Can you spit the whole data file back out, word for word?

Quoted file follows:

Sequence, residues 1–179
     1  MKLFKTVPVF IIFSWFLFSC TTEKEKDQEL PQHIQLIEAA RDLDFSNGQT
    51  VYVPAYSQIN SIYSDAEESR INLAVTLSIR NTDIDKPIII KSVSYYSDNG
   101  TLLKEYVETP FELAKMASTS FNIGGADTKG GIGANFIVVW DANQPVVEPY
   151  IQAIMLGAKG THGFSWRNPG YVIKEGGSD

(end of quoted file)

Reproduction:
Sequence, residues 1–179
     1  MKLFKTVPVF IIFSWFLFSC TTEKEKDQEL PQHIQLIEAA RDLDFSNGQT
    51  VYVPAYSQIN SIYSDAEESR INLAVTLSIR NTDIDKPIII KSVSYYSDNG
   101  TLLKEYVETP FELAKMASTS FNIGGADTKG GIGANFIVVW DANQPVVEPY
   151  IQAIMLGAKG THGFSWRNPG YVIKEGGSD